Mark Henry vs. Rico was just about what you'd expect from a match involving Mark Henry and Rico. Constantino can work a good match if he gets a chance, assuming he isn't facing somebody three times his size and slower than... than something really slow. As is, he drew a couple of laughs out of me before doing the job without much of a fight. Then again, he had a lot of help from straight men Teddy Long and Henry himself. Long, especially, was priceless after Rico kissed him on the crown of his head, reacting with wild outrage and near-physical sickness. Watching Teddy's facial expression change in a split second, as his body went into convulsions and pulled his own shirt over his head made my day... truly hilarious.

I'm not sure if I'm crazy about Kane's apparent ongoing storyline, his struggle with the officials of WWE and the rules they're paid to enforce. But at least it's something, I suppose. Seems like a waste of the whole "I'm a scary, unstoppable monster and I will kill you" buildup they were building him up with a couple months back.

I could've done without the Goldberg / Test / Steiner match. I was looking forward to this when it was announced last week... Big Bill taking on the only other alpha male of WCW's dying days, Scotty Steiner... but Test's inclusion transformed it into a run of the mill handicap match with bickering partners. You could probably predict how this one was going to play out without even seeing the first punch thrown. Goldy advances to the pre-Rumble after cleaning up with a couple spears and a jackhammer. The Steiner recliner's really lost a step or two since the last time I saw it.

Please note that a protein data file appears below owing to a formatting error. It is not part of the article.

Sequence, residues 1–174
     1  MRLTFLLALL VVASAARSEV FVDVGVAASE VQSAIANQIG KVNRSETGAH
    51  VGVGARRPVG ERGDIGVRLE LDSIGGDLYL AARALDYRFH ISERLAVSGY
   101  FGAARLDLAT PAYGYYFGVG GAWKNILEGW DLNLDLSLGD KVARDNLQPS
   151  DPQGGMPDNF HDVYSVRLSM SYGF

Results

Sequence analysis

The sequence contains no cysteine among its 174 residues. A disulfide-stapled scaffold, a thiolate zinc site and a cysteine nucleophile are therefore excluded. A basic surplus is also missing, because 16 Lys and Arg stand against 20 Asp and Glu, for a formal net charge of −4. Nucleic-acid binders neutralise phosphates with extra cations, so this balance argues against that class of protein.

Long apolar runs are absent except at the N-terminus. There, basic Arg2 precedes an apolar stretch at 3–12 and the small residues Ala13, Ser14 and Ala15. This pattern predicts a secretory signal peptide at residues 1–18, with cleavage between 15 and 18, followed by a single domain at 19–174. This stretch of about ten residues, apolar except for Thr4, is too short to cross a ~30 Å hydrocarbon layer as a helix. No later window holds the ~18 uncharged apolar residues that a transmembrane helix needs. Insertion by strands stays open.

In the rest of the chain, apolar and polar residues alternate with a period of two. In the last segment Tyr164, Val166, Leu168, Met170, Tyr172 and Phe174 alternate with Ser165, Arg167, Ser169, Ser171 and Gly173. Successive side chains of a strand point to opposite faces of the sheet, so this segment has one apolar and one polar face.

These pro-Orton campaign commercials are getting better every week. "Mick Foley is a little girl?" Quality stuff.

I adored the backstage attention they poured onto Trish last night. Between Molly throwing barbs at her, promising she'll never be champion again, and Christian destroying her self-worth and ruining her chance at reconciling with Y2J, the girl had a bad night. I honestly felt more sorry for her here than I did when I was supposed to a couple weeks ago, during the infamous "Trish is crying" promo with Chris Jericho. I could see all of these bottled-up frustrations coming to a head in the near future, with Trish eventually snapping and tearing into whoever's unlucky enough to be on the other end of the ring at the time. I know the women's division would really benefit from the fresh emotion.

I was getting all excited about watching a great match between Randy Orton and Shane Helms, when... the fucking thing ended, right out of the blue. These guys could put on one helluva match if given the chance, but it wasn't meant to be tonight, what with the inagural #30 battle royal right around the corner and all. Stupid, not to mention worthless and misleading.